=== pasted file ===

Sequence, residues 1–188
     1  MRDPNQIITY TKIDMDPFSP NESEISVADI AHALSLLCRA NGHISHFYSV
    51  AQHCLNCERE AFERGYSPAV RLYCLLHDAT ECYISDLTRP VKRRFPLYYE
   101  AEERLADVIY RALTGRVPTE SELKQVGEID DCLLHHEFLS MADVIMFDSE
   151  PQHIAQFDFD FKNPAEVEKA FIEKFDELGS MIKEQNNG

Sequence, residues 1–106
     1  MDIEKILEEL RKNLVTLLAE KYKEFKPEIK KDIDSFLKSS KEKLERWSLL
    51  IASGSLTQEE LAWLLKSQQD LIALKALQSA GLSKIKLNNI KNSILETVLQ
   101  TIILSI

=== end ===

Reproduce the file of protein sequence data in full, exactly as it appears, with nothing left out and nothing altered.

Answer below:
Sequence, residues 1–188
     1  MRDPNQIITY TKIDMDPFSP NESEISVADI AHALSLLCRA NGHISHFYSV
    51  AQHCLNCERE AFERGYSPAV RLYCLLHDAT ECYISDLTRP VKRRFPLYYE
   101  AEERLADVIY RALTGRVPTE SELKQVGEID DCLLHHEFLS MADVIMFDSE
   151  PQHIAQFDFD FKNPAEVEKA FIEKFDELGS MIKEQNNG

Sequence, residues 1–106
     1  MDIEKILEEL RKNLVTLLAE KYKEFKPEIK KDIDSFLKSS KEKLERWSLL
    51  IASGSLTQEE LAWLLKSQQD LIALKALQSA GLSKIKLNNI KNSILETVLQ
   101  TIILSI